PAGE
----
You already know what's going to happen to this train. The difference is that this time you know where to look and what to watch for.

He avoids the pitfalls because I learned a lot of new details. What's interesting is the background that I'd never read before and the personal details of some of the participants. I missed some of this during sea duty, some of it because I wasn't reading the WSJ every day, and some of it didn't come out until well after the depositions. And while I'd read Dave Barry's column before, it's worth the encore.

I like Lewis' skill in explaining big, complicated problems with small words and poignant character sketches. Apparently he came across pretty well on Charlie Rose's show, too.
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Old 06-06-2009, 11:20 AM   #6
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I became a Lewis fan after reading Moneyball a few years ago. I also enjoyed Panic.
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Old 06-06-2009, 03:39 PM   #7
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"The End" This is an article/essay by Michael Lewis from DEC 2008. It might even be in the new book.

The End of Wall Street's Boom - National Business News - Portfolio.com
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Old 06-06-2009, 07:44 PM   #8
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Id never taken an accounting course, never run a business, never even had savings of my own to manage. I stumbled into a job at Salomon Brothers in 1985 and stumbled out much richer three years later, and even though I wrote a book about the experience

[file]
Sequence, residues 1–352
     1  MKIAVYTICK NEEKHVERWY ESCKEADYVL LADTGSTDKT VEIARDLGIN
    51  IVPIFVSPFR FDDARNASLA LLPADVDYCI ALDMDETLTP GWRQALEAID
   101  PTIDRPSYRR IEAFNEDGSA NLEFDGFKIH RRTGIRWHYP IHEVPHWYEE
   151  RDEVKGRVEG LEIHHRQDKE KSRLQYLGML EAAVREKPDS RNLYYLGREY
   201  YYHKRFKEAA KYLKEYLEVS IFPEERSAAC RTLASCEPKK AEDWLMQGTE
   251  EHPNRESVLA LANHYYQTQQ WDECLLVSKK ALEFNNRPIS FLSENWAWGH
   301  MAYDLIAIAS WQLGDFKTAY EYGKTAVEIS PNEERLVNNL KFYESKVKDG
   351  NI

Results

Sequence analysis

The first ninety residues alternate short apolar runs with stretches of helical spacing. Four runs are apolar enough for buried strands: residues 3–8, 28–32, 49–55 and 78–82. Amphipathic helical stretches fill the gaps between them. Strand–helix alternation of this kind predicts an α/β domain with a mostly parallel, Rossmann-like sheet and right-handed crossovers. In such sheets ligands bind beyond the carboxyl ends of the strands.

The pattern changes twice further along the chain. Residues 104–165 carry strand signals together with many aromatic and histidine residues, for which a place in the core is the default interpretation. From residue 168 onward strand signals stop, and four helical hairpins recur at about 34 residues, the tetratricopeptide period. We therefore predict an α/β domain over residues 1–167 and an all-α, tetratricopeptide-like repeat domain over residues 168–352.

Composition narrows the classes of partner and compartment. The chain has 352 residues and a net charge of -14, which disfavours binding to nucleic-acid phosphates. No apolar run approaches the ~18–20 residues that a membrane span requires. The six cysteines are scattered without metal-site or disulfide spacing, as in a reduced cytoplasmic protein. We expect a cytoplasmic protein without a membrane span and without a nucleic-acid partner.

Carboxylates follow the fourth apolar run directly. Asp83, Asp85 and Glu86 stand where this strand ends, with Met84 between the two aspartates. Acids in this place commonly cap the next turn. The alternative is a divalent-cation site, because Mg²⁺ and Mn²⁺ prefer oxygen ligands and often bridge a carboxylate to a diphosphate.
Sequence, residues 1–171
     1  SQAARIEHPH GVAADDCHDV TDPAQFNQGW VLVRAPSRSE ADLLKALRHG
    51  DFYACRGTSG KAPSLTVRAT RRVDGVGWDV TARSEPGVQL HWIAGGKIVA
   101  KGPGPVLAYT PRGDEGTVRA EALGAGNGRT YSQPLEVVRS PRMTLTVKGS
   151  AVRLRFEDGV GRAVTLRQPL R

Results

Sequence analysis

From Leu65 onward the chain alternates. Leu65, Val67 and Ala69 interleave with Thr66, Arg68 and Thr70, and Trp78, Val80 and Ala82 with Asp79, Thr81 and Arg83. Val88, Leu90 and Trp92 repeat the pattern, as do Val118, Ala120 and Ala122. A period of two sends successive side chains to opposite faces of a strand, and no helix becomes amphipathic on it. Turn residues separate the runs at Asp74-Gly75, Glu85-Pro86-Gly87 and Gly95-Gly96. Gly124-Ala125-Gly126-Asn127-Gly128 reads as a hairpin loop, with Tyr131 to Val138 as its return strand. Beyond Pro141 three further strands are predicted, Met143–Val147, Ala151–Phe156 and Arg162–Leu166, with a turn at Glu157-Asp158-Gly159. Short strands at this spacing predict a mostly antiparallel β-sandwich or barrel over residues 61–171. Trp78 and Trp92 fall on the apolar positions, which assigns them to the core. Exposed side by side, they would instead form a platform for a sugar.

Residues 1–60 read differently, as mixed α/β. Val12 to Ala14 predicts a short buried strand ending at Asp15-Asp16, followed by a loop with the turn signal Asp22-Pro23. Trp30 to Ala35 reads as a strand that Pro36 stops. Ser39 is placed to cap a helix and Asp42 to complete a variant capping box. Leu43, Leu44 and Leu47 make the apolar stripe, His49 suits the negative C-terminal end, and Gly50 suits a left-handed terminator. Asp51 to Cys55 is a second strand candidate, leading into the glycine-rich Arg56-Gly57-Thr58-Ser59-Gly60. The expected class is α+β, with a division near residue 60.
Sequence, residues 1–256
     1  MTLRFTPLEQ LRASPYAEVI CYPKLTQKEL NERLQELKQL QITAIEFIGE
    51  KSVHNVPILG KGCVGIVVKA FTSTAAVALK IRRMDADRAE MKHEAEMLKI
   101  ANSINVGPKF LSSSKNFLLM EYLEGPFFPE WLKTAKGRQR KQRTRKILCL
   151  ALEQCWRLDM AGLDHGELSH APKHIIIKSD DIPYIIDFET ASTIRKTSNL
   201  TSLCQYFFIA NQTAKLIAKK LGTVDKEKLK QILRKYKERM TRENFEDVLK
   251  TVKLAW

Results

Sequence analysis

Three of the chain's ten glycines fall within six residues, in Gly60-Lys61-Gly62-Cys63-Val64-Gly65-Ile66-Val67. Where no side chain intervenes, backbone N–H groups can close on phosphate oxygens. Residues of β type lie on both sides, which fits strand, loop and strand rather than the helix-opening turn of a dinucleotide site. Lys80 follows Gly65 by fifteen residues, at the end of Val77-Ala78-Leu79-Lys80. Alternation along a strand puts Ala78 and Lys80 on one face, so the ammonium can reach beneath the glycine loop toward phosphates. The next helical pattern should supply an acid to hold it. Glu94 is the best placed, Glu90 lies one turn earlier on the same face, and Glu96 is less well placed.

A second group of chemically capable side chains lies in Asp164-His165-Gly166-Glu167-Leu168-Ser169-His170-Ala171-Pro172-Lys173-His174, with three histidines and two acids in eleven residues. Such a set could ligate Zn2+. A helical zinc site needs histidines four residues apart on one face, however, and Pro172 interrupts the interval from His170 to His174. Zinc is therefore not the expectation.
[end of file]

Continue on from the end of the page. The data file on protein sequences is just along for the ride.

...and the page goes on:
While I admit that I've never read his stuff (and I didn't even read the entire linked article), the cynic in me says that Mr. Lewis probably still knows very little about accounting, hasn't learned to run a business, and possibly, doesn't have any savings to manage. He has learned how to write and sell books.

Writing and selling books is a good way to make money. More power to him.
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Old 06-06-2009, 07:59 PM   #9
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Liar's Poker is a classic (his book from the SB experience)
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Old 06-08-2009, 11:54 PM   #10
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I am reading this book, Panic, by Michael Lewis. Same as several posters on this thread, many years ago, I read his Liar's Poker about the S&L fiasco.

Any serious investor should read Lewis' books to see how Wall St bankers were able to "generate wealth" (read nice salaries and bonuses for the players and high dividends for the stock holders) from subprimes and CDOs.

I have read the link posted by Eddy Amps. Excellent info from insiders, same as in Liar's Poker, though this time only relayed by Lewis. An excerpt from this link follows.

Long Beach Financial, wholly owned by Washington Mutual, was a great example. Long Beach Financial was moving money out the door as fast as it could, few questions asked, in loans built to self-destruct. It specialized in asking home*owners with bad credit and no proof of income to put no money down and defer interest payments for as long as possible. In Bakersfield, California, a Mexican strawberry picker with an income of $14,000 and no English was lent every penny he needed to buy a house for $720,000.

Just discovered this thread. The last few days, I have been busy debating with the market efficiency theorists on another thread, and almost miss this one.
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Old 06-09-2009, 07:12 PM   #11
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On hold at the library, thanks. I'll read anything with Dave Barry in it.